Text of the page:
Incandescent, CFL, & LED bulbs: Pros & Cons

OK.  I’ve just heard of a new federal mandate that would effectively prohibit the sale of the incandescent light bulb, long a staple of many households.  I’m all for finding a way to fulfill my current lighting requirements with less energy consumption but I’d rather take a logical approach to the problem than follow a mandate that does not take such an analysis into consideration.  Setting aside the fact that this represents yet another intrusion of government into the internal affairs of the individual, a pro-con analysis needs to be done.  Let’s start with the pros and cons of the incandescent bulb:

The pros:

They’re cheap and their efficiency increases with higher wattage consumption.

The cons:

These wattage consumptions are more than many of us are comfortable with given the increasing energy costs.

Which brings me to the CFL bulb:

The pros:

They’re much more efficient than incandescents and they’ve come to be nearly as cheap as incandescents.

The cons:

They contain unsafe levels of mercury.  This results in some hidden costs besides the obvious risk to the environment and our health should the mercury contained in these bulbs leak into the environment.  Because of this if you break a CFL bulb you can’t just sweep up the debris and toss it.  You have to call in an environmental cleaning crew (who will be wearing HAZMAT suits) and that will likely cost a good couple of thousand bucks.  The waste management services of most localities also implement special procedures for dealing with CFL bulb waste, procedures that cost money to implement.  This results in a higher local property tax bill for everyone.

Which brings me now to the LED bulb:

The pros:

They’re much more efficient, more efficient than even CFL’s (at least at lower wattage equivalencies such as the 60-watt equivalency).  They also contain no mercury, eliminating that risk to our health and the environment.  They also last much longer than either incandescents or CFL’s.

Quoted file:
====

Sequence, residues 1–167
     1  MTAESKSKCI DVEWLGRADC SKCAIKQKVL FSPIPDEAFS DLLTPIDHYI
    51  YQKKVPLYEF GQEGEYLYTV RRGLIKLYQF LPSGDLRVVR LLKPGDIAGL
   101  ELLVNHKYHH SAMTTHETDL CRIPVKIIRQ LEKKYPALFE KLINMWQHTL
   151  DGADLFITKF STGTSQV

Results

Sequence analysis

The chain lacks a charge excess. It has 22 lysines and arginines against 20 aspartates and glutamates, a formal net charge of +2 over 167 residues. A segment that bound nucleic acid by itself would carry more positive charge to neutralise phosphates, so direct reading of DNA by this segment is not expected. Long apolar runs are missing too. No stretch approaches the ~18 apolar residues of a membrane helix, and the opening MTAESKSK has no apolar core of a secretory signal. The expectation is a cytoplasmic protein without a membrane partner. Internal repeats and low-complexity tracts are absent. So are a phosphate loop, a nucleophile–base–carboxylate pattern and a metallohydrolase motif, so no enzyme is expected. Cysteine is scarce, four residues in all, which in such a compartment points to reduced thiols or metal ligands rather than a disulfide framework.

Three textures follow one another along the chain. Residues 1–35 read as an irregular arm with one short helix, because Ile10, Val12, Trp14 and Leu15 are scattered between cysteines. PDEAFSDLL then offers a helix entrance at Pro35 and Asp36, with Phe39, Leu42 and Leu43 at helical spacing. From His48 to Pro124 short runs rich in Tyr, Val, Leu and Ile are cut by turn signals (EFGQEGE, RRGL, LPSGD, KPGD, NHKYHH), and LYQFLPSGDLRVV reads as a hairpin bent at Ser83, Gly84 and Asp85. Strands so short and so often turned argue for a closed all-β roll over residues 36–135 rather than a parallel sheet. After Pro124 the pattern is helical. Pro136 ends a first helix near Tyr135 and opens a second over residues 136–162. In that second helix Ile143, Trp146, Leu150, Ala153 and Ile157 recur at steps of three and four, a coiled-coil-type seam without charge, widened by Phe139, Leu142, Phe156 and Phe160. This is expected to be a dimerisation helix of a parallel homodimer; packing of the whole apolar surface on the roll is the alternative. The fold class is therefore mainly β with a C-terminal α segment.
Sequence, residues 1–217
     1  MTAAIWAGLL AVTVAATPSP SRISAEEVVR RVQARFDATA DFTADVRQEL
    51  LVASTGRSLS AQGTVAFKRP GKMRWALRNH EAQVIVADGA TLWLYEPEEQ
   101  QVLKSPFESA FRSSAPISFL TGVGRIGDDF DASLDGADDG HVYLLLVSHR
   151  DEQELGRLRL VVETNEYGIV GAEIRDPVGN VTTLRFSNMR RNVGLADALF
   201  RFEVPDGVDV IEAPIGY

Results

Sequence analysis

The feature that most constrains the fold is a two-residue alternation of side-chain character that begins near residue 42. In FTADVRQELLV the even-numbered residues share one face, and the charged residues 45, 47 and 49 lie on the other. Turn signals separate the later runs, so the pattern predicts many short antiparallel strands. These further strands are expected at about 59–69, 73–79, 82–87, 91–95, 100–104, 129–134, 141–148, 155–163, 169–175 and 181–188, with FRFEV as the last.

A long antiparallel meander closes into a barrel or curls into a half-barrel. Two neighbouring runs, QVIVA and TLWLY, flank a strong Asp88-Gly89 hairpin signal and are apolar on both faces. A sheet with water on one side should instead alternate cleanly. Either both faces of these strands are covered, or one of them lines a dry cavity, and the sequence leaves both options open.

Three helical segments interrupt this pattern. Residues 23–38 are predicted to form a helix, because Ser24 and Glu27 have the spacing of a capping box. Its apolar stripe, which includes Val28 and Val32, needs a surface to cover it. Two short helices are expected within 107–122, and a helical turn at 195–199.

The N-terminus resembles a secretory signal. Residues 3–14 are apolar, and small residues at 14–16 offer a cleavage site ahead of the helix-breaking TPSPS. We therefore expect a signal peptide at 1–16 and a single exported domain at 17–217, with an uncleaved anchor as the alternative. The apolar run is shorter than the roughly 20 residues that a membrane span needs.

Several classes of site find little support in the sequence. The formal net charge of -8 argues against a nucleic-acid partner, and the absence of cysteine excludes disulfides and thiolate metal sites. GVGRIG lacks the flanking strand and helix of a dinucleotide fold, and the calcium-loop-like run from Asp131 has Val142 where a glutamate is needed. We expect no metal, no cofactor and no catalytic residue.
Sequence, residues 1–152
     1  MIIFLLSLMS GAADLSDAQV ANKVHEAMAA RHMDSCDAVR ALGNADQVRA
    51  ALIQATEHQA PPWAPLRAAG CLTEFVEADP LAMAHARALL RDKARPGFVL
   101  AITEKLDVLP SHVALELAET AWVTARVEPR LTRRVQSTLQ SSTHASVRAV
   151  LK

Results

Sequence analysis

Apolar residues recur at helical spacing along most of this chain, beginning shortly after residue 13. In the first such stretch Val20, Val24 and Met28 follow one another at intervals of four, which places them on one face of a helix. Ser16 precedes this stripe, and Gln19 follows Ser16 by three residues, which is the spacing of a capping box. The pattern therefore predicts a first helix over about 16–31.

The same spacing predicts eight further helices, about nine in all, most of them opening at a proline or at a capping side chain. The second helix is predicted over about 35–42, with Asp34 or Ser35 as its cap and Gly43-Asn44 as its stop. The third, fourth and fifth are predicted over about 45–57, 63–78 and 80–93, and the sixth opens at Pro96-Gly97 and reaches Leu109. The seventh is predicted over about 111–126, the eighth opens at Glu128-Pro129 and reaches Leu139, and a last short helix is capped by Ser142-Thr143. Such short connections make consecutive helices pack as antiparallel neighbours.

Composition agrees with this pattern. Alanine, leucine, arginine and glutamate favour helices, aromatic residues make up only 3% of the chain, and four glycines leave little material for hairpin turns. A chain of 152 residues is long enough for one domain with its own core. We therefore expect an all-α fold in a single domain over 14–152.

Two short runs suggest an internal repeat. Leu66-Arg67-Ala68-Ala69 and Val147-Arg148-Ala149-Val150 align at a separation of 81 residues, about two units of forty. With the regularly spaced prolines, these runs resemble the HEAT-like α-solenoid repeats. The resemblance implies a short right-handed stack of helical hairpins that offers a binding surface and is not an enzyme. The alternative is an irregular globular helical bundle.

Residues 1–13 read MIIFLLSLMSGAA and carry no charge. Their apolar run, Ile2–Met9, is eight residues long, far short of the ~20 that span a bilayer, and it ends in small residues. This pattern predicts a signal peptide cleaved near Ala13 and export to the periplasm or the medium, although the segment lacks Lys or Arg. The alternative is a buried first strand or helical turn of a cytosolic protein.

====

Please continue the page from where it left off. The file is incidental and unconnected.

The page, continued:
The cons:

They cost plenty to buy.  The average LED bulb costs roughly $40 – $50 for a 60-watt equivalent LED bulb.  Their efficiency also drops with higher wattage consumption.  For example: LED’s are more efficient than CFL’s at the 60-watt equivalency but at the 100-watt equivalency, from what I read, an LED bulb would have to consume at least 30 watts of power, giving the CFL the advantage in energy efficiency in this higher wattage equivalency (CFL can produce 100-watt equivalent light consuming only 26 watts of power).  Also a 100-watt equiv. LED would be roughly several times the size of a standard bulb and probably cost roughly $100 – $200!  (eek!)  But it would still make the LED much more efficient than incandescent bulbs.

But despite the cons, if you can afford these initial one-time costs for the LED bulbs, the energy cost savings could possibly offset the cost of the bulbs.  The tricky part is actually coming up with the money for these LED bulbs, especially in this tough economy (unless of course Bill Gates is feeling generous enough to replace every light fixture in the US with an LED bulb, but I’m not holding my breath  :-P).

About these ads

10 comments on “Incandescent, CFL, & LED bulbs: Pros & Cons

  1. Tom Cox says: